Well that was way too stressful. The Yankees barely hung on to a seven-run lead in Friday’s series opening 8-7 win over the Angels. They were up 8-1 heading into the ninth. The bullpen melted down and the tying run was at third base when the final out was recorded. Goodness.
Two Runs Two Times
In theory, Jered Weaver is exactly the type of pitcher who would struggle at Yankee Stadium. He’s a big time fly ball pitcher with a mid-80s fastball, and, sure enough, he came into Friday’s start with an 8.17 ERA and seven homers allowed in four starts and 25.1 innings at the new ballpark in the Bronx. This is not the ballpark to live and die with the fly ball, that’s for sure. Ask Phil Hughes.
The Yankees took advantage of Weaver’s propensity for the air ball with a pair of two-run home runs juuust over the wall in right field. They were Yankee Stadium cheapies for sure. The first came from Stephen Drew in the second inning, who did a nice job staying back on a slow 60-something mph curveball after being fooled by one earlier in the at-bat. Mark Teixeira hit his two-run home run one inning later. That gave Nathan Eovaldi and the Yankees a nice early 4-0 lead.
Eovaldi gave the Yankees 5.1 innings of one-run ball, and holy moly did he emphasize his relatively new splitter. PitchFX says Eovaldi threw 23 splitters in this game after throwing ten in his last start, seven in the start before that, and four in the start before that. Eovaldi got all four strikeouts on the splitter as well as a few other outs, including a pop-out and a soft line drive out by Mike Trout. This was definitely the most he’s used the pitch this season.
Eovaldi cruised for most of the game — he did have to pitch out of some bad defense-aided jams early — but the wheels came off rather quickly in the sixth inning. Yeah, the strike zone did seem to shrink, but Eovaldi lost the plate and walked three batters to load the bases with one out. No bueno. The three walks ended his night, and Chasen Shreve was able to limit the damage, escaping the inning with just one of the three inherited runners scoring. That was on a ground out too. Shreve was the unsung hero of the night for that inning.
I’m curious to see how Eovaldi uses his splitter going forward. Was this a one-time blip, or will it be a point of emphasis going forward? It was pretty effective for him on Friday night, and a pitch like that can really help him take that next step. Eovaldi threw the splitter so much in this game that I have to think it was intentional and something he is trying to improve. We’ll see.
The Yankees scored four insurance runs late in the game and they ended up needing them. Alex Rodriguez singled in a run in the fifth, Didi Gregorius plated a run with a sac fly in the sixth, Drew hit another home run in the sixth (solo), and Chris Young dunked a single into right to score another run in the seventh. They scored with homers, they scored with hits, they scored with sac flies, they scored in five of eight offensive innings. Great night for the offense, up and down the lineup. The top, middle, and bottom of the order all contributed.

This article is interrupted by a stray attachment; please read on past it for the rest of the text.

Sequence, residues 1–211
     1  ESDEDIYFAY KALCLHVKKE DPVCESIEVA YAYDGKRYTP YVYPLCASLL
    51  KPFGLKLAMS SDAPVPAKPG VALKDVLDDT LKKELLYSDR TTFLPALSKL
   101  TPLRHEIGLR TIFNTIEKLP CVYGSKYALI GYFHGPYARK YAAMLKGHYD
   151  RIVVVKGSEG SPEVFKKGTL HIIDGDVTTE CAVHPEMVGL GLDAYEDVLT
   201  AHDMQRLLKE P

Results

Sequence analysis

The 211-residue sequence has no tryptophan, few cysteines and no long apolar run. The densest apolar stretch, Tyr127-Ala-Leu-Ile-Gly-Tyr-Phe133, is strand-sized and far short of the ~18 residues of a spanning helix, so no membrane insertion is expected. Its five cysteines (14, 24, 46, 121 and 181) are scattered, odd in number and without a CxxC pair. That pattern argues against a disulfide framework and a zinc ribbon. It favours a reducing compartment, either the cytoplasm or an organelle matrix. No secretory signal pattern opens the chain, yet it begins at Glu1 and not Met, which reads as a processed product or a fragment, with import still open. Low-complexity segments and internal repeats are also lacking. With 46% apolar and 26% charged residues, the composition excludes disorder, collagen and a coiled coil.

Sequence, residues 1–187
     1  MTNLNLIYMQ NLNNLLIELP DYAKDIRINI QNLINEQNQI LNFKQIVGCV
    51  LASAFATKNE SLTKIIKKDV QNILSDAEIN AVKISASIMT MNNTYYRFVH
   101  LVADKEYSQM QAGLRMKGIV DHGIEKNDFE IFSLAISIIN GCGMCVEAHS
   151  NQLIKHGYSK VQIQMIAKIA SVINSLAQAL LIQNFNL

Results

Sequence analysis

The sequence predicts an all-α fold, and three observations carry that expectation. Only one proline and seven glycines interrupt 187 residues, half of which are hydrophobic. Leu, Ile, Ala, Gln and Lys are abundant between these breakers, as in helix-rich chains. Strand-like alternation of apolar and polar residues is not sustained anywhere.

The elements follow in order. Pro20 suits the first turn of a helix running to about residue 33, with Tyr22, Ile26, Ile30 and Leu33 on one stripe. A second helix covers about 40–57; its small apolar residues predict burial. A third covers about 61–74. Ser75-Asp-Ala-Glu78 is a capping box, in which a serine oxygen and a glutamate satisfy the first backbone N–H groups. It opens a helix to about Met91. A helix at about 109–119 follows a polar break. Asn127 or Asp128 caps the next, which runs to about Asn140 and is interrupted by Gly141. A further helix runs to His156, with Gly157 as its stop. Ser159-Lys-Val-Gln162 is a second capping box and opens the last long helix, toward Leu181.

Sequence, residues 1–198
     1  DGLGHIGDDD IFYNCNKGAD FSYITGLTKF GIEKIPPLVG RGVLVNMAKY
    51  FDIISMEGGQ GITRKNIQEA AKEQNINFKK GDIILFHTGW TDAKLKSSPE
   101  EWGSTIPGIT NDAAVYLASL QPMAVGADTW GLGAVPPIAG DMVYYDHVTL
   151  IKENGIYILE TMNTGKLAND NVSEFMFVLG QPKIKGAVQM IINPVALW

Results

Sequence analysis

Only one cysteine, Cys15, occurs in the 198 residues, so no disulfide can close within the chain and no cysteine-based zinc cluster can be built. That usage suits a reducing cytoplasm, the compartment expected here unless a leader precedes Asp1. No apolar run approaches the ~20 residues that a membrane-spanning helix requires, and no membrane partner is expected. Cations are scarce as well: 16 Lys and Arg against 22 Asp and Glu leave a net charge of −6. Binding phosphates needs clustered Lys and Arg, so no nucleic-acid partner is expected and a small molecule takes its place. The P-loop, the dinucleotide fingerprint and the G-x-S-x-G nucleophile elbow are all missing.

Unfortunately, the bullpen really fell apart in the ninth inning. Esmil Rogers came in to face the bottom of the order with a seven-run lead — the Angels subbed out some of their regulars! — and was unable to retire any of the five batters he faced. Ridiculous. Dellin Betances had to come in with the bases loaded and no outs in the inning to clean up the mess. He allowed a two-run single to David Freese, walked Matt Joyce, walked Chris Iannetta with the bases loaded, struck out Kirk Nieuwenhuis, got Johnny Giavotella to hit into a run-scoring fielder’s choice, then struck out Carlos Perez with runners on the corners to end the game. Good grief.
The defense didn’t help Rogers — Jose Pirela and Chase Headley let a pop-up fall when it should have been the first out — but it did save the game with Betances on the mound. Gregorius made a nice play going to his right to snag Giavotella’s ground ball, keep it on the infield, and get the out at second. That ball was dangerously close to scooting into left field for a game-tying two-run single. Didi legitimately saved a run there. What a mess of an inning. Let us never talk about that again.
Every Yankee in the starting lineup had at least one hit except for Gregorius, who walked and had the sac fly. Brett Gardner had two hits, A-Rod had four hits (!), and Drew had his two homers. The Yankees tallied 14 hits total while striking out just three times.
A-Rod’s fifth inning single gave him 1,997 career RBI, passing Barry Bonds and taking over sole possession of second place on the official all-time RBI list. Only Hank Aaron (2,297) has more. Alex is now only nine hits away from 3,000 as well.
And finally, Dellin Betances has an ERA now. It’s 0.30, but still. That 0.00 ERA was fun while it lasted.
Box Score, WPA Graph & Standings
Here are the box score, video highlights, and updated standings. Also check out our Bullpen Workload and Announcer Standings pages. This is the team’s 18th series of the season, and so far YES has used 13 different booth combinations. Crazy. Here’s the win probability graph:
The Yankees and Angels will continue this three-game series with the second game on Saturday night. (Grumble grumble.) Adam Warren and Garrett Richards will be the pitching matchup. Warren is three months younger than Richards. Wouldn’t have guessed that. Anyway, head over to RAB Tickets if you want to catch that game or any other game on the homestand in person.